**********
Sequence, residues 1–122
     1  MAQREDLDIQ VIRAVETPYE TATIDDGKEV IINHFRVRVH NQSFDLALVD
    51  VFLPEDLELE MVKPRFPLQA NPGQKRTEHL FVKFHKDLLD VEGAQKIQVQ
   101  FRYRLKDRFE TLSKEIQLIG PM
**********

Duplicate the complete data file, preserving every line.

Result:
Sequence, residues 1–122
     1  MAQREDLDIQ VIRAVETPYE TATIDDGKEV IINHFRVRVH NQSFDLALVD
    51  VFLPEDLELE MVKPRFPLQA NPGQKRTEHL FVKFHKDLLD VEGAQKIQVQ
   101  FRYRLKDRFE TLSKEIQLIG PM